Despite serving a broad range of industrial accounts, the service center never lost sight of its humble beginnings—the small retail order. Fulfilling as many as 300 retail transactions a day, many are walk-in customers placing orders for items that cost $3 or $30. And like Canrack, Macksteel makes it a practice to listen.

“Because we have a constant stream of customers that come through the door, we’re able to spot trends,” explains Mack. “If we see five different people asking for the same feedbunk in the space of a week, we know that’s an item we want to make sure to keep in stock. By the same token, if a customer complains about the quality of a product made by an OEM customer of ours, we can use that information to build a stronger relationship with both the customer and the manufacturer by working with them on ways to improve the product.”

The approach has helped Macksteel build a strong business foundation. “You don’t need to pay an outside consultant,” he continues. “Just listen to your customers. That’s all the information we have ever needed.”

In 2015, Macksteel added a smaller racking system with 50 4-inch-tall openings to handle its sheet and plate remnants. The service center stocks a wide range of alloys and needed to improve the way it stored its drops. “Drops” are sections of raw material from which parts have already been cut but which can be used again to produce more parts.

“We generate a lot of remnants,” notes Mack. “People travel 300 miles to do business with us. Using remnants gives us the flexibility to cut a one-off or just a few pieces at a great price while still maintaining a good margin.”

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Going vertical allows Macksteel to free up considerable space without requiring a building addition.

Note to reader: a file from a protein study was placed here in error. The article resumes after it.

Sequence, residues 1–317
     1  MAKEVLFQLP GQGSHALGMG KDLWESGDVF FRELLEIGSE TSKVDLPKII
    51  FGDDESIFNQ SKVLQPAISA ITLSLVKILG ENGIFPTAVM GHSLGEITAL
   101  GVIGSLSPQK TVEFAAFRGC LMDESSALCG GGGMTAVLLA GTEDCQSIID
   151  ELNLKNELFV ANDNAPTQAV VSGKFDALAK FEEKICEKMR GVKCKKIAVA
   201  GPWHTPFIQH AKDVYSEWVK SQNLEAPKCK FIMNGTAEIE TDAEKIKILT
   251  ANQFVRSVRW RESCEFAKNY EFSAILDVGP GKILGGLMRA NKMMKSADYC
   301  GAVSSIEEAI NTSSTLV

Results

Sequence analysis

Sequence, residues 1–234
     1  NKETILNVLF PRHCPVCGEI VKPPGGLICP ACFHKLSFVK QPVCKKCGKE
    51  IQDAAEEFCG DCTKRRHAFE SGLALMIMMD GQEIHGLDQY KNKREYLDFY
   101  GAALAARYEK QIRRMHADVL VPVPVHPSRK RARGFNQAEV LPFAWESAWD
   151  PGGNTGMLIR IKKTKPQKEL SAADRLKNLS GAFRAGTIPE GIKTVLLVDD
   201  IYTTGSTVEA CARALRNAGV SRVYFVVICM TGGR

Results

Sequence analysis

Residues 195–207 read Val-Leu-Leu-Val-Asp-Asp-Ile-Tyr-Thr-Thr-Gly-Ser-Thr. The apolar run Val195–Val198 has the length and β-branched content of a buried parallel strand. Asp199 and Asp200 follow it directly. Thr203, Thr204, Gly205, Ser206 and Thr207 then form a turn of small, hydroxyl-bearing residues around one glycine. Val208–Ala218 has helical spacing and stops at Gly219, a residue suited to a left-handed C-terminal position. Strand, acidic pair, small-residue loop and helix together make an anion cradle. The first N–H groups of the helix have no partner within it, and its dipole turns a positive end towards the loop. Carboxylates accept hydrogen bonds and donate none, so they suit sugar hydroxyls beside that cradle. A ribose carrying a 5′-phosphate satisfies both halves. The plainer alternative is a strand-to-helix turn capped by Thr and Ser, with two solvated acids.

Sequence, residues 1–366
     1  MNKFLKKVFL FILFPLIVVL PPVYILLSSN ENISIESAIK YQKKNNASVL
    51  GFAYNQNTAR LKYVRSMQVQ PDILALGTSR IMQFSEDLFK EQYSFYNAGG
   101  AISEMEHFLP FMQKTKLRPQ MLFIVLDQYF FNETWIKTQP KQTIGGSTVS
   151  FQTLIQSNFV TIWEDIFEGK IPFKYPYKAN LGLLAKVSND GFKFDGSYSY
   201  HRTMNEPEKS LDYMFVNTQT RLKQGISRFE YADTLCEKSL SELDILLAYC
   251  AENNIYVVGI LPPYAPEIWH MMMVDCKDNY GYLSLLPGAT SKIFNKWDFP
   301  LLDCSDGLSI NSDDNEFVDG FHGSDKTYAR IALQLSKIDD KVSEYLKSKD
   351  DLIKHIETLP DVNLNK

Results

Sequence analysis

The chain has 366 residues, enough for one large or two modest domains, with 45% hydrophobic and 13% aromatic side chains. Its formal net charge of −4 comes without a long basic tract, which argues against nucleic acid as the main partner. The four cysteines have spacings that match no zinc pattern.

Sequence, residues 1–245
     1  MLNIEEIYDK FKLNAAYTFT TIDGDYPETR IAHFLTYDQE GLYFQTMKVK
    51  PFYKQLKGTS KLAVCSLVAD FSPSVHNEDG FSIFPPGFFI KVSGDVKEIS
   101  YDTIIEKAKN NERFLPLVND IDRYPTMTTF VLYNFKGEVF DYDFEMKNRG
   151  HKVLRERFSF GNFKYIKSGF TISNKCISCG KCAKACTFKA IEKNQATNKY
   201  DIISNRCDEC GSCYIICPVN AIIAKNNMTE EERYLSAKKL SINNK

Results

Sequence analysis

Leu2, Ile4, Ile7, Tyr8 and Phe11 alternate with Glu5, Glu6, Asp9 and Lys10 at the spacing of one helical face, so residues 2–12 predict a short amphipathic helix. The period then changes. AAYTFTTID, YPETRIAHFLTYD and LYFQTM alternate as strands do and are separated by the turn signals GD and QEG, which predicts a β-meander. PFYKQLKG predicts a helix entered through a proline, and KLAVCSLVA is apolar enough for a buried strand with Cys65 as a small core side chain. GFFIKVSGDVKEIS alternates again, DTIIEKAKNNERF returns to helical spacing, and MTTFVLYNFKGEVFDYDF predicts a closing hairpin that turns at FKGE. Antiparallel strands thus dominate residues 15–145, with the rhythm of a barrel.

Material selection

“Instead of an operator digging through a pile of pieces, a worker simply pulls the remnant he or she needs when they need it,” he continues. “This is where the Canrack system really shines because it supports customization, lower piece part runs, and just-in-time production.

“It used to take a skilled individual considerable time to pick the best remnant for the job,” he explains. For the sake of saving time, “more often the operator would grab the one on the top rather than dig around for the best choice. The Canrack system shows you  all the options, so choosing the most efficient remnant occurs more often since it is quick and easy.”

Increasing order rates continue to push Macksteel to do more with less to remain competitive. The service center is collaborating with Canrack to triple the size of its cantilever racking system to free up 20,000 square feet of floor space to expand its laser cutting capacity and add new powder coating operations. Macksteel is also considering bar order filling stations to automate order selection from the new storage system.

“If you have 10,000 pounds of 1-inch tube and a customer just wants 20 pieces, you have to either pull it by hand or with a crane,” says Clark. “There’s nothing worse than having a sideloader on the floor, idling, while someone pulls an order. Our system allows operators to pull orders hands-free and crane-free. Macksteel is unique because of all the value-added fabrication services they provide. This gives them another way to recapture lost time.”

“Growth can creep up on you,” Mack agrees, “[and] you find yourself packing things a little tighter. I’m excited about reclaiming square footage for processing while tripling our storage space.”

Mack says he enjoys turning raw material “into unusual shapes and fabrications for customers. Our business model responds quickly to good ideas, creating immediate positive effects. It’s also satisfying to work alongside a company like Canrack. Many suppliers make racks, but Canrack offers so much more than just racks. They treat us like a partner.” MM